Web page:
Wake Forest research supports a multi-treatment approach to the drug abuse crisis

Researchers hope to develop more brain-related treatments for addiction


Courtesy of Wake Forest

Dr. Michael Nader leads the Center for Addiction Research at Wake Forest’s medical school.

Meagan Marks, Contributing Writer

Drug overdoses claimed the lives of more than 100,000 U.S. citizens this past year — a toll greater than the 2021 gun-related deaths and motor-vehicle deaths combined.

“It is a huge problem,” said Dr. Michael Nader, a professor of physiology and pharmacology at the Wake Forest School of Medicine. “I can assure you that there is no brain disease that costs society more than substance use disorder.”

This is because the government spends more than $56 billion trying to control the substance abuse crisis through criminal justice — a tactic that critics say is just not working.

“We need to get a grip on things. Incarceration is not a treatment, and it’s not doing anything to help the drug problem,” Nader said. “We need to focus more on treatment, both behavioral as well as developing medications.”

This is what researchers at Wake Forest University are currently working on.

Advocates of a multi-treatment approach, the addiction laboratories at Wake Forest are hoping to develop several treatment options that target different factors within the brain for patients struggling with addiction. According to Nader, offering these specific, personalized treatments could help save the 21 million Americans suffering from a substance use disorder.

But finding medications can be complicated, as drug addiction — like most diseases — is a multifaceted process.

“There are a lot of individual differences on how people respond to drugs,” said Dr. Melissa Maffeo, a biological psychologist at Wake Forest. “Some people are more prone to addiction than others because of their individual brain chemistry.”

She explained that when someone continuously uses a drug, their brain will slowly adapt to having that drug within it. Eventually, the brain will rebalance itself, and the drug becomes a normal part of their brain chemistry.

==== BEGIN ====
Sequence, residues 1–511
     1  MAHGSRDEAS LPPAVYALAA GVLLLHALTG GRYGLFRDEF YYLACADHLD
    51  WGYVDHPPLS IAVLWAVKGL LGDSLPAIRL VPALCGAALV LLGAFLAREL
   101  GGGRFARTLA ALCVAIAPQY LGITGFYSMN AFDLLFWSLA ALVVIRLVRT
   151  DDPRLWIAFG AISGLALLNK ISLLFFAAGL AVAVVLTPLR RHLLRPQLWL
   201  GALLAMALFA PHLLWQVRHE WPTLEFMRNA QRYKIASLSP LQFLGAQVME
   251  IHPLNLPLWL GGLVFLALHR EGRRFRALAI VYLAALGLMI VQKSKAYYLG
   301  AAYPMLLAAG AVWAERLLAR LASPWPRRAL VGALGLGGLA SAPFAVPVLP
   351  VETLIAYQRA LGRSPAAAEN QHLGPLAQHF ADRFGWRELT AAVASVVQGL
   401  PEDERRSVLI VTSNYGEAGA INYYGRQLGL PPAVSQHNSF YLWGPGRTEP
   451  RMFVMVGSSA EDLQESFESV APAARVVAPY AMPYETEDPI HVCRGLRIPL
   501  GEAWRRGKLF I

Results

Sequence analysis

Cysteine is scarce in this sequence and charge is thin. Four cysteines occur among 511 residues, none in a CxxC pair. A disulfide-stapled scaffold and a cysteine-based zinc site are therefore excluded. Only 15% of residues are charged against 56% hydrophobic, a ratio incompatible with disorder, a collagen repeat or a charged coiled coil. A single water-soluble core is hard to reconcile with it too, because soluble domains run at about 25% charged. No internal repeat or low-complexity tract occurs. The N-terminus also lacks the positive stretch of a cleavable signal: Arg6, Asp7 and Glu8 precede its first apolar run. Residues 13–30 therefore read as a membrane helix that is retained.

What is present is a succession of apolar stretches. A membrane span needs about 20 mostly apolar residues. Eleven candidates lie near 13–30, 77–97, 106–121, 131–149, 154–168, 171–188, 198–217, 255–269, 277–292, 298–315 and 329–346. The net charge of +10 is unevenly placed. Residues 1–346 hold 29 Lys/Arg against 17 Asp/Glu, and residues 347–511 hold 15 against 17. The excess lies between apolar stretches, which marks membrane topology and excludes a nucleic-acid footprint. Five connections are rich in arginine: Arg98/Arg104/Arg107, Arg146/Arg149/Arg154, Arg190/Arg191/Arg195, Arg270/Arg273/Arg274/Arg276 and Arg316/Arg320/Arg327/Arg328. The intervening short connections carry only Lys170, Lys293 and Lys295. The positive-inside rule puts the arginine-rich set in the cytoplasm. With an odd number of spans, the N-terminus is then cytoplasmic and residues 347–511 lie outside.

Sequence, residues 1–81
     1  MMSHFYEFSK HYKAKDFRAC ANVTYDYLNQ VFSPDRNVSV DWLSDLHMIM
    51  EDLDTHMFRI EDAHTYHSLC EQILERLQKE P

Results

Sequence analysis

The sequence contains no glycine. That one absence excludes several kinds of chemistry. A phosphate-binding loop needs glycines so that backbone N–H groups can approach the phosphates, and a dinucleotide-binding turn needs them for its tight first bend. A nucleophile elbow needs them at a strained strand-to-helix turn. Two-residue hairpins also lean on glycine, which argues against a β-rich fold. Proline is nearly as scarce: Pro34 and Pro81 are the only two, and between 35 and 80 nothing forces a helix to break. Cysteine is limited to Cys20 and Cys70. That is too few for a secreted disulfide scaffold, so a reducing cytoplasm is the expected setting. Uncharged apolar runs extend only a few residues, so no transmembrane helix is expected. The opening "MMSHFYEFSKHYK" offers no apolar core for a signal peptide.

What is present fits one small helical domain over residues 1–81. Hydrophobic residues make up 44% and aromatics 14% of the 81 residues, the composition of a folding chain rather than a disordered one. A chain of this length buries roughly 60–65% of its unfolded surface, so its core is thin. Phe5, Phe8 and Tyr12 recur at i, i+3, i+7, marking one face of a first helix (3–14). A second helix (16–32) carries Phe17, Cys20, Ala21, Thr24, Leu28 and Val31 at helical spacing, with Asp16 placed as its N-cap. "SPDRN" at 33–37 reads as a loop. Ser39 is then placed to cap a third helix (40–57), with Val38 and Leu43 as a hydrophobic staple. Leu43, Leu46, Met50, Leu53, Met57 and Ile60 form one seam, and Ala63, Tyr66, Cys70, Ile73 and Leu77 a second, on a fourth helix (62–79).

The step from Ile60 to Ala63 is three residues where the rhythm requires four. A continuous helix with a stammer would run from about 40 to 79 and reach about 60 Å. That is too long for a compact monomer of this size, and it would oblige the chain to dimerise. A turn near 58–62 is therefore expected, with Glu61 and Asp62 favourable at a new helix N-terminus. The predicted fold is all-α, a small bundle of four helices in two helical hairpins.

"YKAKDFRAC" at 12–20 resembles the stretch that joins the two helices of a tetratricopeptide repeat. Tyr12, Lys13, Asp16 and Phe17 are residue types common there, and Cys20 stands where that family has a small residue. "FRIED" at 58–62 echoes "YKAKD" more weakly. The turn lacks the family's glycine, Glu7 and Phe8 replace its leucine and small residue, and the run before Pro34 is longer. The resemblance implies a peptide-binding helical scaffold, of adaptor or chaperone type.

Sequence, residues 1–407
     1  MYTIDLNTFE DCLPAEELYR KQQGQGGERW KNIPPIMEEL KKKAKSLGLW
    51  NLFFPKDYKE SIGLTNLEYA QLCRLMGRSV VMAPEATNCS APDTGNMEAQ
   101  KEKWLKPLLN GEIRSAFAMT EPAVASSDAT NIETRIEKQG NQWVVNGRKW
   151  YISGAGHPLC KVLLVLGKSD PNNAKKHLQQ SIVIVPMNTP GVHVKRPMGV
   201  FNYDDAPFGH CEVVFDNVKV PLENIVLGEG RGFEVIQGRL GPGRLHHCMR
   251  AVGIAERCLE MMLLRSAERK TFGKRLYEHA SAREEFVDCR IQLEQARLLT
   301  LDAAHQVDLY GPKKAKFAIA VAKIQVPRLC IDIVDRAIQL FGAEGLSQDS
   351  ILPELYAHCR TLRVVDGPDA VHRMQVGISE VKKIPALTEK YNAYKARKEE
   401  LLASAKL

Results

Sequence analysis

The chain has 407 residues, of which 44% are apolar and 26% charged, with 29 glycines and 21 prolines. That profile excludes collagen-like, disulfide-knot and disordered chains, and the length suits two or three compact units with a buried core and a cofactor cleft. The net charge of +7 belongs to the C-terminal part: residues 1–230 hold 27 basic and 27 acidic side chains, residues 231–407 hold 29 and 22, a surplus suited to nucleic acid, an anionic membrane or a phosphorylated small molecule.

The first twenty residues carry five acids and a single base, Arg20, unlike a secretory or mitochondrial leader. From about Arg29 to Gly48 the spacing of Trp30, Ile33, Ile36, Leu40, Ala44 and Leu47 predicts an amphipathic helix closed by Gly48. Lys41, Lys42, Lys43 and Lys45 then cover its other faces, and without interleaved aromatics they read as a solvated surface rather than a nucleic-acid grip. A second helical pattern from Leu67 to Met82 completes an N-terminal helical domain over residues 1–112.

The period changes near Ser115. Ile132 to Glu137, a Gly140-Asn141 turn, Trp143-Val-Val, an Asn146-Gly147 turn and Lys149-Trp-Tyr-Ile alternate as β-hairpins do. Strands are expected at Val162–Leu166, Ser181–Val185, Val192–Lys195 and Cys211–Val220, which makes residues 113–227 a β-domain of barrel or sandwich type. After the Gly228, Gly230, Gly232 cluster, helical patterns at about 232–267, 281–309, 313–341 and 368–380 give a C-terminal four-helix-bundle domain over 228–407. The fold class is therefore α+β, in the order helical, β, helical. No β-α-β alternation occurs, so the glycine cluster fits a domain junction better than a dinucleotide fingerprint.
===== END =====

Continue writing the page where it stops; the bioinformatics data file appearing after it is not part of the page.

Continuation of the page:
When the person stops using the drug — or no longer has access to it — the brain feels sick without it. The person then experiences withdrawal symptoms and begins feeling physically ill.

Think of it like hunger — if you’ve gone most of the day without eating, your stomach starts to hurt, you get a headache and you might be a little irritable. All of this goes away when you finally eat food. This is because your body depends on food to survive.

Drug withdrawal is just like this process, but instead of getting an upset stomach, you may vomit endlessly. Instead of having a headache, you may have seizures. Instead of feeling irritable, you’ll likely feel extreme depression and anxiety.

This is where drug abuse shifts to a disease — taking the drug becomes less of a choice and more of a necessity. You need the drug to feel normal again, to extinguish the withdrawal pain, even to survive in some cases.

Research conducted at Wake Forest suggests that some individuals may become dependent on a drug much faster than others, seemingly because their brains are more sensitive to the drug’s effects.

This heightened sensitivity is typically due to their natural brain chemistry — something that can simultaneously be affected by many social and genetic factors.

“In humans, some of the factors that are linked to greater vulnerability are gender, stress and comorbid psychiatric disorders,” said Monica Dawes, a neuroscience Ph.D. student at the Wake Forest School of Medicine.

For example, in Dawes’ research lab, heroin sensitivity seemed to be different depending on sex.

According to Dawes, they found that female rats were more vulnerable to addiction due to biological differences in the brain. The receptors on which heroin acts were more sensitive to heroin in the females’ brain than in the males’, causing them to feel a stronger, more pleasurable effect.

She explained that this difference in receptor intensity not only caused the female rats to be more susceptible to heroin addiction, but also got them addicted at a rate much faster than the males.

The brain is the core of the problem, so attending to the brain must be the best solution.

— Dr. Michael Nader

“Accounting for factors like this allows us to target specific treatments for a certain population,” Dawes said.

In this rat model, a medication targeted specifically towards the heroin receptor would likely be beneficial in the female brain. Giving it to the male rats, however, would likely be less effective.

There are countless more examples like this gender-specific receptor. For example, chronic stress can affect dopamine levels, and genetics can affect receptor quantity.

By developing medications that target these individual differences within the brain, researchers can more effectively treat this disease process.

According to the addiction researchers at Wake Forest, this multi-treatment approach is the best solution to solving the drug abuse crisis, as opposed to using the criminal justice system.

“I am pro-incarceration as a necessary punishment for bad behavior, but I would not call drug use a bad behavior,” Maffeo said. “Just throwing a person in jail and not providing them the support they need is not the way to treat drug abuse.”

“The brain is the core of the problem,” Nader said, “so attending to the brain must be the best solution.”